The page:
Saturday, December 28, 2013

Governments and peoples

The Middle East suffers from an enormous problem: many nations lack any consensus on how they should be governed.  Shi'ia and Sunni factions contend for power in Syria, Iraq, Bahrain, and elsewhere.  In Egypt, the military-backed government has just declared the Muslim Brotherhood, which won Egypt's only genuine free election in its entire history, a terrorist organization.  Meanwhile, various states enjoying relative stability, such as Turkey, Saudi Arabia, and Iran, are intervening in civil wars elsewhere.  All this reminds me very much of early modern Europe, which I investigated pretty thoroughly back in the 1980s, and it isn't encouraging.  But in the last two days, the Obama Administration has added a new element to the mix.

Sunni extremists, including Al Queda elements, are getting more powerful in much of Iraq, and their bombings are taking an increasingly heavy toll on the majority Shi'ite population.  The Obama Administration wisely decided to get the United States out of Iraq a couple of years ago, and I do not think that a continuing American presence would have helped.  Now, however, the US has decided to come to the aid  What disturbs me deeply is the manner in which we have decided to do so.

A little historical background is in order.  During the 45 years of the Cold War, both sides assumed that conventional war similar to the campaigns of the Second World War might occur at any moment.  They spent billions preparing for it, developed sophisticated weapons, and, crucially, encouraged their regional allies to acquire such weapons as well.  Billions of dollars worth of jet aircraft, tanks, artillery and much more went from the US, the Soviets and other nations to India and Pakistan, Egypt and Israel, Iran and Saudi Arabia, North and South Korea, North and South Vietnam, and elsewhere.  Occassionally this weaponry was used in local wars.

For the time being--and nothing lasts forever--the age of conventional warfare seems to over.  The conflicts that rule the front pages are waged by insurgents of one kind or another against governments or occupiers, and terrorism has become the weapon of choice.  Hamas and Hezbollah terrorist have also made extensive use of rockets.   From time to time, Israel in Lebanon and Gaza and the United States in Afghanistan and Iraq have tried to deal with such groups with conventional forces.  They generally score temporary successes, but with the exception of the Israelis in the West Bank, no one has been willing to prolong such an occupation indefinitely.  As a result, they have turned to other strategies.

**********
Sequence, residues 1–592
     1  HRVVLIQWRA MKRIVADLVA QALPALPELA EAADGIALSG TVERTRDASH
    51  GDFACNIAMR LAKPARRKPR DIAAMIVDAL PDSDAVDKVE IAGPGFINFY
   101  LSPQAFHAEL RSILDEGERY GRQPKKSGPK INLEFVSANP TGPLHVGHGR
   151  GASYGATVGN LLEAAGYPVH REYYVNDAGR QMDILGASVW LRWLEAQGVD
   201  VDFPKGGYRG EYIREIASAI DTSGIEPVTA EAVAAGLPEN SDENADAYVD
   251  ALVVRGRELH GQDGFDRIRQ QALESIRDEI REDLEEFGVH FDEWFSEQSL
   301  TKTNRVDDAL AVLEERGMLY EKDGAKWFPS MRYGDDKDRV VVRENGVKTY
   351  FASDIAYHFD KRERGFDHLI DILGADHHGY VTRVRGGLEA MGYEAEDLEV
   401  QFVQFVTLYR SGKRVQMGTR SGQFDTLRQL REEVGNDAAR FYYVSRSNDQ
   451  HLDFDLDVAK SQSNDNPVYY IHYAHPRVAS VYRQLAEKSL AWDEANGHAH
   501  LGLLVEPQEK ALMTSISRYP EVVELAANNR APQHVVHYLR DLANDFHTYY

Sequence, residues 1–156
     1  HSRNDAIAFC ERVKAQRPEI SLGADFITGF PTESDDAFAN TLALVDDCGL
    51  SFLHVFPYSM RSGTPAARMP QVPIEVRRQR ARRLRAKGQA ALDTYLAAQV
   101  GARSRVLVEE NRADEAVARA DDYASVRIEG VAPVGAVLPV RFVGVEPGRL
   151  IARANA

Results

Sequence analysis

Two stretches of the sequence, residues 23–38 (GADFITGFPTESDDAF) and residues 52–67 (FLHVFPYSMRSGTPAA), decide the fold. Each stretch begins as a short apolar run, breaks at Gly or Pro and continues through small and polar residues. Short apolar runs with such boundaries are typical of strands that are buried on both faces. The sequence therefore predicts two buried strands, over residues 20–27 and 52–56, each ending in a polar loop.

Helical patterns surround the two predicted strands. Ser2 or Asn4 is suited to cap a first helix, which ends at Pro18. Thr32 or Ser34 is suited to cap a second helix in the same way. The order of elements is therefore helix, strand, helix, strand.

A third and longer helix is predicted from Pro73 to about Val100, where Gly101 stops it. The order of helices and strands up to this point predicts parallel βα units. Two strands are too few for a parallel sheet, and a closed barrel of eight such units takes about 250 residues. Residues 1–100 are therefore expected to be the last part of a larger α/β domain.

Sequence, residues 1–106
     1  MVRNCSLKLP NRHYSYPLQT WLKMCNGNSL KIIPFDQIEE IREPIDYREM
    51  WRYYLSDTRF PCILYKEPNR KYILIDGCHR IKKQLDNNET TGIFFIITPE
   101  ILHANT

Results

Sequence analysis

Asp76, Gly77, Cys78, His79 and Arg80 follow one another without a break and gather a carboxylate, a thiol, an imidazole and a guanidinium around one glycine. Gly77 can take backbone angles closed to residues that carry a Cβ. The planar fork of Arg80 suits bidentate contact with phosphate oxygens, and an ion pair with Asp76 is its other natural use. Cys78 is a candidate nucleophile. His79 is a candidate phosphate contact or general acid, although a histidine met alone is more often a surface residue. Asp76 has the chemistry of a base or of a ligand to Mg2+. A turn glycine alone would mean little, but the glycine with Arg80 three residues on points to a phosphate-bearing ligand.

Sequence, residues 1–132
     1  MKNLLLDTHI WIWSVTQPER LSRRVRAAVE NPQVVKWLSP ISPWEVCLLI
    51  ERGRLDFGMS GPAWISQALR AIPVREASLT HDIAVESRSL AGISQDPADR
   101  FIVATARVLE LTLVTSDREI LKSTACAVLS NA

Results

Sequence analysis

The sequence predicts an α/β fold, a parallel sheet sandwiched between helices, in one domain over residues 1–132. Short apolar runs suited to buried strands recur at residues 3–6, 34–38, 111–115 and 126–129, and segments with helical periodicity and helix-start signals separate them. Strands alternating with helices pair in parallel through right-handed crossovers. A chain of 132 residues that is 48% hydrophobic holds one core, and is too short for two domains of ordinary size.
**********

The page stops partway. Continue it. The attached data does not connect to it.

The most common counter-insurgent strategy pursued by the most advanced nations originated in Israel: the use of aerial surveillance and air to ground missiles to kill individual militants.  I don't believe I ever blogged about the excellent Israeli documentary The Gatekeepers, which consists of lengthy interviews with retired heads of Mossad, but they described the development of this stragegy and the problems of applying them.  They generally agreed, moreover, that it did not provide any long-term solution to political problems.  And in one particularly chilling moment, one of them mentioned the Israelis had taught Americans these techniques after 9/11.  "I know," he said, "because I saw them."

Drone strikes have now of course become the centerpiece of our strategy in Afghanistan and Pakistan.  They kill individual militants.  They often kill innocent civilians as well, and from time to time they are based upon faulty intelligence or analysis and kill nothing but innocent civilians.  As in the West Bank and Gaza, there is no evidence that they reduce the supply of militants in the long run. Because they are aimed at militant leadership, they probably make it much harder eventually to negotiate peace.  There is no evidence, in my opinion, that the contribute to building a more peaceful world.

Now it seems that the Cold War precedent is about to be revived in the age of terror.  The United States' response to the resurgent Al Queda and Sunni revolt in Iraq is to supply the Shi'ite government of Nouri Al-Maliki with drones and hellfire missiles.  The Iraqi government will be able to turn them on their own people.  In an atmosphere of long-term religious war, I find it very difficult to believe that they will use better intelligence or more discrimination than the US has, or that this tactic will contribute to peace in Iraq.  And where will this lead?  Will Russia soon be providing similar technology to the Assad regime in Syria?